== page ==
by Graham Pierrepoint
A few months after Michael Wolff’s Fire and Fury took bookshelves by storm and we are faced with another book that seeks to lift the lid on some of what supposedly goes on behind the closed doors of Donald Trump’s White House – which, whether or not you believe some of the claims being made, remains one of the most fascinating aspects of world politics right now. President Trump has continued to fight against various accusations surrounding Russian collusion – continuing to be investigated by the FBI – as well as building tension surrounding his lawyer, Michael Cohen, who appeared to offer hush money to porn actress Stormy Daniels without Trump’s knowledge (allegedly, and according to video footage of the President himself).
Watch: ▶ Trump Says Michael Cohen Only Did 'A Tiny, Tiny Little Fraction' Of Work For Me
The crazy ride that is Trump’s first term in office really doesn’t end there. James Comey, whom the President fired during the investigation into Russian collusion, is on the media trail to promote his new book – and, at a CNN event this week, the former FBI director pulled no punches with regard to how he views the President and how he runs office. Comey has, in his tome, laid down an account which is being referred to in the wider press as ‘damning’, and that the Commander in Chief makes decisions based upon his own ego – to fulfil a personal and emotional need, as opposed to on a logical basis.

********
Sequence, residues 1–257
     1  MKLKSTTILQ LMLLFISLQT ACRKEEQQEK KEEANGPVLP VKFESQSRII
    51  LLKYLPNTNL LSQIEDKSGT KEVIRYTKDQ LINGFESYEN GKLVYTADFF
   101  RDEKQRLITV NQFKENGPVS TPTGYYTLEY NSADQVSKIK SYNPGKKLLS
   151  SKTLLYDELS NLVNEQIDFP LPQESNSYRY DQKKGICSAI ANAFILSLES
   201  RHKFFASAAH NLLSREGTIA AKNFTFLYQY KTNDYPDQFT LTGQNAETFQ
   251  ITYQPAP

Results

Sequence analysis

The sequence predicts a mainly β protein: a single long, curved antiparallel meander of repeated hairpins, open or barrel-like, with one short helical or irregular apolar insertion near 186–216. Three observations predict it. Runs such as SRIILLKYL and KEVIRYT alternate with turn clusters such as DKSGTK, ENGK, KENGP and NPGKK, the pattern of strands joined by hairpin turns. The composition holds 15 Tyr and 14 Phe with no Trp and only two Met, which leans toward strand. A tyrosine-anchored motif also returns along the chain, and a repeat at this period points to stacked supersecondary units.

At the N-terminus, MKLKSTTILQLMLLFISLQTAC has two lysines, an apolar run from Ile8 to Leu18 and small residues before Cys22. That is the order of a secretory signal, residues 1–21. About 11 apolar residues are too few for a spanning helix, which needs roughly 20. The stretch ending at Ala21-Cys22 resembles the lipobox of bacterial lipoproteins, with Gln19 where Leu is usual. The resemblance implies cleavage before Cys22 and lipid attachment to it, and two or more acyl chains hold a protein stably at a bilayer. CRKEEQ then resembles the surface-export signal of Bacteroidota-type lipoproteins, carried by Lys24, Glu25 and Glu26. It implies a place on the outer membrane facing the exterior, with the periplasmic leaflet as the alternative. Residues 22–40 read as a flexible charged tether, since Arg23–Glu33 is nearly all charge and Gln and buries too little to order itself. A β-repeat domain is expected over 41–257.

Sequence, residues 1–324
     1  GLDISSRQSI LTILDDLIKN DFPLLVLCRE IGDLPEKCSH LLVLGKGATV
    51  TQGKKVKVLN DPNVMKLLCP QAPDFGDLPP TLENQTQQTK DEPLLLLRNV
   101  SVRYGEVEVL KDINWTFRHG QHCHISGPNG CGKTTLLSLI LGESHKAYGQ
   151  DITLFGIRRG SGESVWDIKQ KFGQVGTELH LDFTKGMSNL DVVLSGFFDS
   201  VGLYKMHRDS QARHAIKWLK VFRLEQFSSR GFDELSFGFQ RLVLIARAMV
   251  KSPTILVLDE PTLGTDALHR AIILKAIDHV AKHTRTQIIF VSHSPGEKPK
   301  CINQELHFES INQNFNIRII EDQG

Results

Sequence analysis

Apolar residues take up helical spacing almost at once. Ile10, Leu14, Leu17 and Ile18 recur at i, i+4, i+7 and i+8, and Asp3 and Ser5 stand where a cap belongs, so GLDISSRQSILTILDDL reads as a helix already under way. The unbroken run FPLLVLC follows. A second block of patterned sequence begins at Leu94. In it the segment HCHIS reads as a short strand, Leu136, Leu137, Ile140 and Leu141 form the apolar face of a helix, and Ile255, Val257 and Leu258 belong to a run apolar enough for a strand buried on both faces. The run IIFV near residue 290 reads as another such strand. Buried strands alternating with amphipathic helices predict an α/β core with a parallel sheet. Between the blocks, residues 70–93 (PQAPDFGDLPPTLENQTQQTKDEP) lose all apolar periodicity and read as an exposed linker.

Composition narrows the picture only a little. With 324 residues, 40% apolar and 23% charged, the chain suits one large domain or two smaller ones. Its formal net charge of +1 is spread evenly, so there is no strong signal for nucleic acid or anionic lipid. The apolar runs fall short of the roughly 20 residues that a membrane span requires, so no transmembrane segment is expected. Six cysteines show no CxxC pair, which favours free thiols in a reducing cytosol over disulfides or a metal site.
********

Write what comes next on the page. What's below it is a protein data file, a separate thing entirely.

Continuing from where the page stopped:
In conversation with Anderson Cooper for CNN, Comey pulled even fewer punches. “(Trump’s) only reference point is internal – ‘what will bring me what I need, what will fill this hole in me – get me the affirmation I crave’ – that is deeply concerning,” he advised. Comey’s critics, however, will likely be quick to rebut that the publication of such as book is being mounted as his own ego-stroking exercise – though regardless of reasons as for why it is being published, the volume will likely go down as one of controversy for the man in charge. It’s being reported that the book, ‘A Higher Loyalty’, won’t have any effect on the existing investigation into the legality of Trump’s election campaign – but what it may well do is offer a few more insights into the world behind the current White House – ones which won’t sit well with neither the President’s contemporaries nor his critics. Will Comey’s tell-all be a best-seller? Let’s wait and see shortly.